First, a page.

You have to “solve” the problem once to define it clearly and then solve it again to create a solution that works.
The finished software design should look well organized and clean, but the process used to develop the design isn’t nearly as tidy as the end result. Design is a sloppy process. You take many false steps and make many mistakes while designing software.
The purpose of design is to identify the mistakes early. It’s cheaper to find mistakes during the design phase and correct them than correct implemented code.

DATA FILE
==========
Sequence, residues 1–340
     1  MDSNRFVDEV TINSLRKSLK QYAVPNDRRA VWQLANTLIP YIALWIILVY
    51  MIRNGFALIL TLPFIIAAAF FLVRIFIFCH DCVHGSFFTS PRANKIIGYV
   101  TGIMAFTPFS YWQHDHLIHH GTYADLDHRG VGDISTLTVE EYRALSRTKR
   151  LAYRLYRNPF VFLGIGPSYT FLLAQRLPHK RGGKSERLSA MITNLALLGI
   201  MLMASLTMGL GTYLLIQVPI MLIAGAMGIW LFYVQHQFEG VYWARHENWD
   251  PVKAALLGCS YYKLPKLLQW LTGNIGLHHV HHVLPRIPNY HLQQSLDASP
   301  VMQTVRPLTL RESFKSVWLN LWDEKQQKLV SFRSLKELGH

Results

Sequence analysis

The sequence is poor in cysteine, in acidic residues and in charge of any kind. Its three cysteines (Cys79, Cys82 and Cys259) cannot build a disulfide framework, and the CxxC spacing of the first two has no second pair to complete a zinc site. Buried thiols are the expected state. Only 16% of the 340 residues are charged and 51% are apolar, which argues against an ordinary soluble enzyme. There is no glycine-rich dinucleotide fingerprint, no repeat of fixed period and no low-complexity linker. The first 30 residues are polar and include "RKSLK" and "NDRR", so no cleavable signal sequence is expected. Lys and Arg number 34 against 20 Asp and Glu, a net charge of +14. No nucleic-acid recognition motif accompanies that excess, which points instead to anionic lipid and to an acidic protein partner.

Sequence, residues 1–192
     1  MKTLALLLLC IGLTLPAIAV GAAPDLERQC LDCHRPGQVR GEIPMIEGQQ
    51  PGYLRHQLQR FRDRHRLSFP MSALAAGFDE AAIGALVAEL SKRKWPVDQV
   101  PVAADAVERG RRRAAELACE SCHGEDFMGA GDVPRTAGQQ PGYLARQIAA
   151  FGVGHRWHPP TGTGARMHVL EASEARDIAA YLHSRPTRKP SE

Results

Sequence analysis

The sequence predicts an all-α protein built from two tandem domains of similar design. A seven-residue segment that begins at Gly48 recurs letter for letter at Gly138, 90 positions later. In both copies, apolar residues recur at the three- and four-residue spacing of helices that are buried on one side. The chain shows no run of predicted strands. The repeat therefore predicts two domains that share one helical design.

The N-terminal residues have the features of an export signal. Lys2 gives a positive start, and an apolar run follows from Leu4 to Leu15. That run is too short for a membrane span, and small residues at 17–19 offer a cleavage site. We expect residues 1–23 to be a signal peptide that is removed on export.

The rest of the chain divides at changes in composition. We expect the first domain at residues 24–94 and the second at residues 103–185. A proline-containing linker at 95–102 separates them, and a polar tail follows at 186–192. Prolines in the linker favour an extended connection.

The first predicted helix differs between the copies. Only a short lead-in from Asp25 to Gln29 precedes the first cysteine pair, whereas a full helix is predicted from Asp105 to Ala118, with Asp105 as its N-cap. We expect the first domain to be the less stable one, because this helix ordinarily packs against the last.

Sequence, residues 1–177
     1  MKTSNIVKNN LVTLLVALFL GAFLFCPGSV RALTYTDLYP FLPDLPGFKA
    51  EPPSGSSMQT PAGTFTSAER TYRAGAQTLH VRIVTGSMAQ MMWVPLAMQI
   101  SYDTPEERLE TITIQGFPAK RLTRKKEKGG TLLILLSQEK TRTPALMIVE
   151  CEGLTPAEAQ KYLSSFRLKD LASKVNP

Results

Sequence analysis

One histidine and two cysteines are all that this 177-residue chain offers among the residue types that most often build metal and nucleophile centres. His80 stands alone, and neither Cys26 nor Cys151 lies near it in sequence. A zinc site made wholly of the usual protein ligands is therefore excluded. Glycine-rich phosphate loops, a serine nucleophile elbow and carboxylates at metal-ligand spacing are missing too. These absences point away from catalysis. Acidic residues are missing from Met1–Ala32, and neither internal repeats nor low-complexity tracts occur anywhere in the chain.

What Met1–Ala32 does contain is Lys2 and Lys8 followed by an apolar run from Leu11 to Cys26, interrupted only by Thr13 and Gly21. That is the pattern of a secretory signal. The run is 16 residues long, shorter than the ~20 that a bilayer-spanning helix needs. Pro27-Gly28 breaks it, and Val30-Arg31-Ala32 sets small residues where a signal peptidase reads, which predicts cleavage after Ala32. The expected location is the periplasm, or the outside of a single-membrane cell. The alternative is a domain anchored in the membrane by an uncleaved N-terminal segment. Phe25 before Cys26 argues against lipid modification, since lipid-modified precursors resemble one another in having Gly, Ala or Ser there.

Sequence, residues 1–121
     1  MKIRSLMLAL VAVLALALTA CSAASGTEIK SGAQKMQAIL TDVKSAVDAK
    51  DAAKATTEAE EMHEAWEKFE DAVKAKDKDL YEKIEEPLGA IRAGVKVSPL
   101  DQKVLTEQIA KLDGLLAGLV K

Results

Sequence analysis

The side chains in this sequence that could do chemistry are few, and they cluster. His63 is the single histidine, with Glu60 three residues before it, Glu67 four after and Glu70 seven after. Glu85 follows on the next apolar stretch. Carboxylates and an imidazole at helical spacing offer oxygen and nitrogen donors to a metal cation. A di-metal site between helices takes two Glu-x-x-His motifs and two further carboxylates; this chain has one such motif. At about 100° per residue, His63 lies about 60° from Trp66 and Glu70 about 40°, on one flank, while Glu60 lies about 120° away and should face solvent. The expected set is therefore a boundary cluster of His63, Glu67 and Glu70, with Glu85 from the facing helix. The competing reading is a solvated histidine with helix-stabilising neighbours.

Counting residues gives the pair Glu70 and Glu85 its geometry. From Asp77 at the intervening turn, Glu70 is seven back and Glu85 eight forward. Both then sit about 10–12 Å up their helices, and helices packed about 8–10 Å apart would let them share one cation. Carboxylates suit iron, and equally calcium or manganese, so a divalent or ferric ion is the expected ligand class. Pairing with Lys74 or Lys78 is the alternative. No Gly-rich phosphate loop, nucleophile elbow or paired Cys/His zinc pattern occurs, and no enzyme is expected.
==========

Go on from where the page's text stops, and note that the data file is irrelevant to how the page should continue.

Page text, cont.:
At the same time, until your software fails in production, you don’t really know the true requirements. So it’s a delicate balance of upfront design vs. on-demand design.
An ideal program runs instantly, takes zero storage, uses zero network bandwidth, doesn’t have any errors, and costs nothing. In the real world, there are trade-offs. A good design should try to find a balance among various competing factors.
A good design emerges from the iterative process of thinking about the program, writing the program, and rewriting it.